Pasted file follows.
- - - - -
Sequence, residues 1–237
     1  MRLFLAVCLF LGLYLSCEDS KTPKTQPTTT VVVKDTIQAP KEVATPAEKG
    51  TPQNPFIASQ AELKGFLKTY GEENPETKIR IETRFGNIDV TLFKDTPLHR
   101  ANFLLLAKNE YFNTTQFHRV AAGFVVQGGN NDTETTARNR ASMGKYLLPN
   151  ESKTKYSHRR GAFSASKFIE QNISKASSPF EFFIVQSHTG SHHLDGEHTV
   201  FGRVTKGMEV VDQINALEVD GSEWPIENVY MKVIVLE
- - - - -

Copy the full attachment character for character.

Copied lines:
Sequence, residues 1–237
     1  MRLFLAVCLF LGLYLSCEDS KTPKTQPTTT VVVKDTIQAP KEVATPAEKG
    51  TPQNPFIASQ AELKGFLKTY GEENPETKIR IETRFGNIDV TLFKDTPLHR
   101  ANFLLLAKNE YFNTTQFHRV AAGFVVQGGN NDTETTARNR ASMGKYLLPN
   151  ESKTKYSHRR GAFSASKFIE QNISKASSPF EFFIVQSHTG SHHLDGEHTV
   201  FGRVTKGMEV VDQINALEVD GSEWPIENVY MKVIVLE